In the context of multilevel modelling, Field (2013) p. 827 provides the following representation of a variance-covariance matrix to illustrate Variance Components
This covariance structure assumes that all random effects are independent (hence, the covariances in the matrix are 0). Variances of random effects are assumed to be the same (hence, they are 1 in the matrix) and sum to the variance of the outcome variable. In SPSS this is the default covariance structure for random effects and is sometimes called the independence model. In SPSS this is the default covariance structure for random effects and is sometimes called the independence model.
Heck, Thomas, and Tabata (2013) p. 91 write
The default covariance structure is Variance Components (VC). VC is the default covariance structure for random effects. This specifies a diagonal covariance matrix for the random effects; that is, it provides a separate variance estimate for each random effect, but not covariances between random effects.
These two definitions seem to be inconsistent with each other, inasmuch as the former suggests the variances are assumed the same, whereas the latter does not.
The IBM documentation for SPSS says here of Variance Components that
This structure assigns a scaled identity (ID) structure to each of the specified random effects.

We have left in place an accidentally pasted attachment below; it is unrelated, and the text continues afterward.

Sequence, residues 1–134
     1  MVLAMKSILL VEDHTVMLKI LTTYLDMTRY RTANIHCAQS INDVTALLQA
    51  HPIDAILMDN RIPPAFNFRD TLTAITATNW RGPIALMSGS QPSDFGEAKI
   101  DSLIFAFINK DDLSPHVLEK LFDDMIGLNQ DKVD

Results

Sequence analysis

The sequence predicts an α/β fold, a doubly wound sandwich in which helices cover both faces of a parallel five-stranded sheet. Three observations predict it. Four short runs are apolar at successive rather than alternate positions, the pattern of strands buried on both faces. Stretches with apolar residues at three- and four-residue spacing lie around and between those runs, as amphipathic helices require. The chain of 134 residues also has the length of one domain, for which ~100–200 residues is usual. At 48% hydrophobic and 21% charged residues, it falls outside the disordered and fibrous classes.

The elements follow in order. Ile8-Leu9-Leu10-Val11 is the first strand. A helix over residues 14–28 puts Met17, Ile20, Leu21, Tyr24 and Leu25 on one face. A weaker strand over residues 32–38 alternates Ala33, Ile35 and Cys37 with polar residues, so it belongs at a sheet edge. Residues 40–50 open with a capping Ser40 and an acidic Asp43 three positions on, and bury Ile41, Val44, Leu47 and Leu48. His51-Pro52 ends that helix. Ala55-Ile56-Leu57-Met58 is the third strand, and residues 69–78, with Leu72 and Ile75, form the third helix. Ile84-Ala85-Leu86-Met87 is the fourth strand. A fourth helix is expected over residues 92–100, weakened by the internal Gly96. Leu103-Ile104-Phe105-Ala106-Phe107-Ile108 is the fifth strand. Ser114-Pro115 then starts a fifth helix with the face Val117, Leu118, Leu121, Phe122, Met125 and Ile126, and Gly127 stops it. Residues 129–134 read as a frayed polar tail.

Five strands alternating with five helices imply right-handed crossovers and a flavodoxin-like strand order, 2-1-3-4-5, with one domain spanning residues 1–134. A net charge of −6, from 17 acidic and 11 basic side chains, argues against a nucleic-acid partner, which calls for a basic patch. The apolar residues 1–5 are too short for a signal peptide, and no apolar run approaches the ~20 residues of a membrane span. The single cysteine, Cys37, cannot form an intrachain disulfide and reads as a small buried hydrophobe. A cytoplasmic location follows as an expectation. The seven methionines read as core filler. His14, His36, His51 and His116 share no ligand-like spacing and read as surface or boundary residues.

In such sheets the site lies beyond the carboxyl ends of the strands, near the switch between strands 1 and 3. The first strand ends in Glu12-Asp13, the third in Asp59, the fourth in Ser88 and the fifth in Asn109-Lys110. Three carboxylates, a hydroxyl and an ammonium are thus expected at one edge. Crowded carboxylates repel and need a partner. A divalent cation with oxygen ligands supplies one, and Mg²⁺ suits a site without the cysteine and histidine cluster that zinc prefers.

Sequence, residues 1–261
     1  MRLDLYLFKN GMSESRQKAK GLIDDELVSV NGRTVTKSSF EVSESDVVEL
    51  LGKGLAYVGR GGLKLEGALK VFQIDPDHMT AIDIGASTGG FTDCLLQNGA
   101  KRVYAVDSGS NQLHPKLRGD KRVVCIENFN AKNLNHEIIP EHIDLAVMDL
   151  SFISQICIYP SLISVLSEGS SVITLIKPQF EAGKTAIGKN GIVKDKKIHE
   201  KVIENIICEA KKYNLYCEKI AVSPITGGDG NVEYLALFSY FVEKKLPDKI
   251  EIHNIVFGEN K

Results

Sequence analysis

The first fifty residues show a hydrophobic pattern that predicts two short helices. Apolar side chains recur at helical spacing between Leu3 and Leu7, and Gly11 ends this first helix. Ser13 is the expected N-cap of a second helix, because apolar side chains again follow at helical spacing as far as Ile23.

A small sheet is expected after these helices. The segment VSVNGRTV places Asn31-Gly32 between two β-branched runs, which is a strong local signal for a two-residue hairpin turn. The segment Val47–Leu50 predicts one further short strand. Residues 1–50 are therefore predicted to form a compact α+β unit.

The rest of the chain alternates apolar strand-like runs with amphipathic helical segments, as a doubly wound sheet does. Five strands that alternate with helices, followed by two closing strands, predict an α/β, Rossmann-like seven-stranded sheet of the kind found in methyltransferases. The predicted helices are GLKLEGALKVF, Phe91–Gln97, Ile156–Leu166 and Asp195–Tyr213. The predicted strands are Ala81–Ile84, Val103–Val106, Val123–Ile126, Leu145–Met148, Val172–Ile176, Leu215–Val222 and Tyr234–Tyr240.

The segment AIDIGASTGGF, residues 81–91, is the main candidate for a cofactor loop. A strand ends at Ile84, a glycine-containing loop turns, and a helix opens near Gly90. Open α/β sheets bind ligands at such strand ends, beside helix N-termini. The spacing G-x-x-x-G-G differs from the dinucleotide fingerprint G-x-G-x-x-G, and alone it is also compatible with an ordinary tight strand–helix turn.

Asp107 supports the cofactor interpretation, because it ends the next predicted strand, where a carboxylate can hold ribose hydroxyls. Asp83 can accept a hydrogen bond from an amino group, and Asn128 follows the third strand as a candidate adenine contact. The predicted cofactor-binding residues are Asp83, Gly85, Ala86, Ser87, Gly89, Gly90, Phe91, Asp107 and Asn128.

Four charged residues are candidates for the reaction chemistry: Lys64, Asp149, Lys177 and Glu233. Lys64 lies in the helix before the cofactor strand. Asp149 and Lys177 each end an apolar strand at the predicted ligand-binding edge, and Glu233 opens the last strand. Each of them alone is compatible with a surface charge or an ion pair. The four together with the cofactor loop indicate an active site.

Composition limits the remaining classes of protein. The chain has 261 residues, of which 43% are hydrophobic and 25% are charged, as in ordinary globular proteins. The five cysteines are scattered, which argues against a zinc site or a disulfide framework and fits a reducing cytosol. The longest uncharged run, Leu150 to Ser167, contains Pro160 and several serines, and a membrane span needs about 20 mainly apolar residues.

The IBM documentation also says here that Variance Components
is the default covariance structure for random effects. When the variance components structure is specified on a RANDOM subcommand, a scaled identity (ID) structure is assigned to each of the effects specified on the subcommand. If the variance components structure is specified on the REPEATED subcommand, it is replaced by the diagonal (DIAG) structure.
Heck et al. define the scaled identity structure in a couple of different ways, stating on p. 136 that
The Scaled Identity covariance structure has constant variance and assumes no correlation between any elements.
and on p. 210 that
The Scaled Identity covariance structure has heterogenous variances and zero correlation between elements
These seemingly contradictory definitions are making it difficult for me to understand Variance Components, and I have the following questions.
Which of the Field, Heck, and IBM descriptions of Variance Components are consistent with one another? Which, if any, are correct?
What would it mean for a scaled identity structure to be assigned to each of the effects specified? Which of the two Heck et al. definitions of a scaled identity structure are correct?
I’m also interested to know if this issue is some SPSS-specific thing, or whether Variance Components has a canonical definition that should hold across all programs.
Field, A. (2013). Discovering statistics using IBM SPSS statistics. London, UK: Sage.
Heck, R. H., Thomas, S. L., & Tabata, L. N. (2013). Multilevel and longitudinal modeling with IBM SPSS. Routledge.